Executive Women

Executive Women

A few of the women who shaped New York fashion retailing
Margaret S Getchell (1842-1880)

A distant cousin of R.H. Macy, Getchell started as a cashier in the first New York Macy’s in 1861 and rose to become store superintendent; she was one of the first female executives of a retail establishment, and oversaw the store’s 200 employees. Several of the store’s savvy marketing strategies, such as remaining open on Christmas Eve, are attributed to Getchell. She later married junior partner Abiel T. LaForge, who became a co-partner in ownership of Macy’s after R. H. Macy’s death in 1877. She died in 1880 at the age of 38. 

Hortense Odlum (1881-1970)

While Dorothy Shaver is often credited as the first female president of an American department store, the honor belongs to Hortense Odlum, who presided over Bonwit Teller from 1934-1940. The wife of owner Floyd Odlum, Hortense was brought in in an advisory role to turn the store around. She subsequently introduced a Consumer Advisory Committee to make recommendations and re-oriented the store to be more of a “Woman’s Place”. Following her stint as president, Odlum also served as Chairwoman of the Board at Bonwit Teller from 1940-1944. 

Dorothy Shaver (1893-1959)

Known as the “First Lady of Merchandising” Dorothy Shaver was a key figure in American fashion. Shaver had a long career at Lord & Taylor beginning in 1921, serving on the board of directors, as vice president of fashion and advertising, and finally as president of the store from 1945-1959. She launched the “American Look” campaign in 1932, and as president, her promotion of American designers helped them advance to prominence in both the national and international fashion industry. She was named the Associated Press’ Outstanding Woman in Business in both 1946 and 1947. 

Bernice Fitz-Gibbon (1894-1982)

An advertising specialist, Bernice Fitz-Gibbon worked at various department stores including Marshall Field’s, Macy’s, Wanamaker’s and Gimbels. After moving to New York City in the 1920s, Fitz-Gibbon worked in Macy’s advertising department for 12 years. She is credited with coming up with their famous slogan “It’s smart to be thrifty”. From 1940-1954, she worked as publicity director and a member of the executive board at Gimbels, before leaving to open her own advertising consultancy offices. Considered a pioneer in the field, Fitz-Gibbon was inducted into the advertising Hall of Fame in 1982. 

Helen Galland (1925-2008)

Helen Galland was the fifth woman to become president of a major New York fashion store. From 1980-1983, Galland was president of Bonwit Teller. While the original Fifth Avenue flagship had been demolished to make way for the Trump Tower, Galland oversaw the opening of the new store in that building, as well as the national chain. More importantly, she attempted to restore some of Bonwit Teller’s former reputation as a destination for classic and elegant fashions, that had floundered since Mildred Custin’s tenure. 

Dawn Mello (1936- )

While Dawn Mello’s first stint as a fashion director was at B. Altman in the early 70s, she is best remembered for her long career at Bergdorf Goodman. Arriving at the store in 1975, Mello was a major force in modernizing the store’s image and rebranding it as a designer destination. Mello successively rose through the ranks at Bergdorf, acting as president from 1983-1989. Then, she briefly moved to the Gucci Group before returning to the helm of Bergdorf Goodman, once again as president, from 1994-1999. In 2001, Mello won the first Eleanor Lambert award for contributions to American fashion.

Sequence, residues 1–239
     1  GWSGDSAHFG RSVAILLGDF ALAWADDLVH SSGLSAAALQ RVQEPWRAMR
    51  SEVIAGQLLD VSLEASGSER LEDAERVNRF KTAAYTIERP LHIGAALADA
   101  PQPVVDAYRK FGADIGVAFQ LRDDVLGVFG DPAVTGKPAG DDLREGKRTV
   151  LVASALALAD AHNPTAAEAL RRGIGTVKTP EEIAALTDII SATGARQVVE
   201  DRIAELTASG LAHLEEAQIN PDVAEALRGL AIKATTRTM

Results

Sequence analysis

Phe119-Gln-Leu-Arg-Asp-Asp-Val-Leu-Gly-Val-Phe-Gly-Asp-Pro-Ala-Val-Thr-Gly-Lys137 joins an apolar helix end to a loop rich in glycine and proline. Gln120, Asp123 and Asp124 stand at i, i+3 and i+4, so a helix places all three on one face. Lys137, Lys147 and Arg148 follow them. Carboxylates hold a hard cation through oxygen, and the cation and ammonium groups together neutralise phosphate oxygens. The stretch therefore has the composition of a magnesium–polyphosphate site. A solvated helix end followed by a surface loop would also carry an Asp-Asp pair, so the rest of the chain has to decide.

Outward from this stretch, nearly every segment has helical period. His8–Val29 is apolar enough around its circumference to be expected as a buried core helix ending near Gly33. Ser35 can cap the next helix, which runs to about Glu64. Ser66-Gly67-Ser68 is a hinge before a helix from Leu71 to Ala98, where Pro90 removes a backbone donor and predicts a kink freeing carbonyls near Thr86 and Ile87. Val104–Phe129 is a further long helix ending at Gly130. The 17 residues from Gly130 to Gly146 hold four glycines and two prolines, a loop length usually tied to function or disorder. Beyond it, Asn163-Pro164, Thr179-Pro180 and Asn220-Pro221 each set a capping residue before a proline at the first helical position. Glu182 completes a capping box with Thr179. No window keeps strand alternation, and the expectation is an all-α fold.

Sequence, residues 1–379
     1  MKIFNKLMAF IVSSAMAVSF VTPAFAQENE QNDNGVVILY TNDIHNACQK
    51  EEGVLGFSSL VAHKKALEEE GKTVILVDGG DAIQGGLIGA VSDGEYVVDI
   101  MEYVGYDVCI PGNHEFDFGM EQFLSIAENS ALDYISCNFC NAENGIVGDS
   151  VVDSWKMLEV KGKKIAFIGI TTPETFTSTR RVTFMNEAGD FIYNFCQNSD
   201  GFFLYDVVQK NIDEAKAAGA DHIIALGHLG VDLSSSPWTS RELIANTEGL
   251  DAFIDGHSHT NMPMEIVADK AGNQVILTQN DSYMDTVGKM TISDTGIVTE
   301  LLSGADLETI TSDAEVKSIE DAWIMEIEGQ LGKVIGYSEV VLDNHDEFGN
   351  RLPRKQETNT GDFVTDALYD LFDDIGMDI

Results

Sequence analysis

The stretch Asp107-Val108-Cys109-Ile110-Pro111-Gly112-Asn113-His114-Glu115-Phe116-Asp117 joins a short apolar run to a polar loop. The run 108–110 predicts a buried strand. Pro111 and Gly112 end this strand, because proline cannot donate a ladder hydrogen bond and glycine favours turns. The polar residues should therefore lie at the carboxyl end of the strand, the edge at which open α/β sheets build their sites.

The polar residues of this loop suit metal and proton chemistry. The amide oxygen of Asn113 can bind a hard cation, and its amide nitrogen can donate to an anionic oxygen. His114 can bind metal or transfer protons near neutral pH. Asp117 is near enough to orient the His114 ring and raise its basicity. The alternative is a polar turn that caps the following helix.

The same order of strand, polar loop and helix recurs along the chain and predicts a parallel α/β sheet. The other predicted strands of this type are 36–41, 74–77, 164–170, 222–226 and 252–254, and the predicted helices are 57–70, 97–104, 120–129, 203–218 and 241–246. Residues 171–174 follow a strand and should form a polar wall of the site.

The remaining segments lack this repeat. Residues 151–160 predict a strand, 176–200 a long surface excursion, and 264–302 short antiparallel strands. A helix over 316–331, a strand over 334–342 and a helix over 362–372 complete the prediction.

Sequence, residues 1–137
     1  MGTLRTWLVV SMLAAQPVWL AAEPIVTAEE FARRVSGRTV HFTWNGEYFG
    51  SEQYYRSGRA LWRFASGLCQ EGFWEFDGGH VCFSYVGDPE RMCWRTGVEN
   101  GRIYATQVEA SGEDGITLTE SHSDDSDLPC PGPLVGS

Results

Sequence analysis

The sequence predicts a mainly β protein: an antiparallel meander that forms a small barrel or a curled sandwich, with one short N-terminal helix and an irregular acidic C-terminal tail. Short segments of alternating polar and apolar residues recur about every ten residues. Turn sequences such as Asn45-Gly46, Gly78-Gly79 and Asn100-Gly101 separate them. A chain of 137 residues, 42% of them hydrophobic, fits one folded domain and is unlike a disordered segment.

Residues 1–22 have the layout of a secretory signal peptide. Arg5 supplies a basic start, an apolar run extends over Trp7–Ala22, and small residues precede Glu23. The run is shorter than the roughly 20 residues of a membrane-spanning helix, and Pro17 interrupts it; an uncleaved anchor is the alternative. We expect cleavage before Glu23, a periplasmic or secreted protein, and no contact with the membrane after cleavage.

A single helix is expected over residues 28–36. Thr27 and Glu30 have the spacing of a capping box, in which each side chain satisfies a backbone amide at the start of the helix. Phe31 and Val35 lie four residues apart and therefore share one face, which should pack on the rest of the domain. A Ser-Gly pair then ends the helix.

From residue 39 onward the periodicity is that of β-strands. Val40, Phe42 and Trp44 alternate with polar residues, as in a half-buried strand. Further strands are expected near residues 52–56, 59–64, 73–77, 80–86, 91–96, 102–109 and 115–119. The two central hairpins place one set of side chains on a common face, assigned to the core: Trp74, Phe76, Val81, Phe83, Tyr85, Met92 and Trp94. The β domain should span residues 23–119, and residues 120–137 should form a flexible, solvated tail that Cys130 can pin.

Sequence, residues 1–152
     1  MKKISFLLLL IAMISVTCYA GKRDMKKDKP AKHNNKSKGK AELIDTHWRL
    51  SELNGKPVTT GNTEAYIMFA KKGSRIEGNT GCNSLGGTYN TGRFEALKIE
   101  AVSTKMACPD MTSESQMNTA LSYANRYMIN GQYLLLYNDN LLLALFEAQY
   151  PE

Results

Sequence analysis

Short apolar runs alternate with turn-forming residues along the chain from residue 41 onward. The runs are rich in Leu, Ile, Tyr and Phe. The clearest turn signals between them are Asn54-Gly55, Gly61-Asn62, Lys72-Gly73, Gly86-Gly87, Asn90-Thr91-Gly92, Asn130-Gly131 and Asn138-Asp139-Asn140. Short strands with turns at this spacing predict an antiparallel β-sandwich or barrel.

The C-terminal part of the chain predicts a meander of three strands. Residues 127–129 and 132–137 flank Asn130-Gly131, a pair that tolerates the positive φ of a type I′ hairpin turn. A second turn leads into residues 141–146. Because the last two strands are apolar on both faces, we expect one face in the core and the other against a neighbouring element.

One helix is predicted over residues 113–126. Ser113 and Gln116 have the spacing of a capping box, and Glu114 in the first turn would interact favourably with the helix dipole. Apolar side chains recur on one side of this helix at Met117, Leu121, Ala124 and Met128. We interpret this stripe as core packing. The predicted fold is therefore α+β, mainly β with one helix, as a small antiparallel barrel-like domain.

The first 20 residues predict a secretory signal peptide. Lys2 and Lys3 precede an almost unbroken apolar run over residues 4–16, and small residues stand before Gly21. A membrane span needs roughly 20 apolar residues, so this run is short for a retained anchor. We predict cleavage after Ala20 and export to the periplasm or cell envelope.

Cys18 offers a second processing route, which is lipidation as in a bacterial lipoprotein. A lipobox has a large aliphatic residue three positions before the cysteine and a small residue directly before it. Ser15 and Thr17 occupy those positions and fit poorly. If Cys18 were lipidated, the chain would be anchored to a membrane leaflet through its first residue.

Mildred Custin (1906-1997)

Bonwit Teller’s second female president, Mildred Custin was another pioneer for women executives. She was a VP at Wanamaker’s in 1951, became president of Philadelphia’s Bonwit Teller in 1958 and took over as head of the company in 1965, where she remained until 1970 (when she was forced to retire due to Bonwit’s policy on mandatory retirement for executives at age 65). She notably championed the use of designer boutiques in the store, and introduced leading fashions in her S’fari room from such designers including Andre Courreges, Emmanuel Ungaro, Pierre Cardin and Calvin Klein. 

Katherine Murphy (1917-1975)

Katherine Murphy’s career in fashion began as a sportswear buyer at Lord & Taylor in 1940. Over the next 40 years, she would also work at Bergdorf Goodman and Bonwit Teller before settling at Bloomingdales in 1967. Rising to become vice president and fashion director, Murphy, alongside chairman Marvin Traub, re-invigorated Bloomingdales’ image to become a fashion leader in New York. She is credited with bringing Yves Saint Laurent Rive Gauche, Valentino, and Missoni to Bloomingdales. Better known as Katie Murphy, she died in 1975 at the age of 58. 

Selma Weiser (1924-2009)

From humble beginnings as a notions buyer for a department store, Selma Weiser went on to build a retail empire in New York City’s Upper West Side. Opening a small boutique named Charivari in 1967 at 85th and Broadway, Weiser’s store would rise in the ranks of the city’s fashion intelligentsia. At its peak in the 1980’s, Charivari boasted five locations across the Upper West Side. Known for a selection of traditional and avant-garde fashions for men and women, Charivari introduced designers such as Marc Jacobs, Issey Miyake and Claude Montana to the American market. The store closed in 1999 after filing for bankrupcy.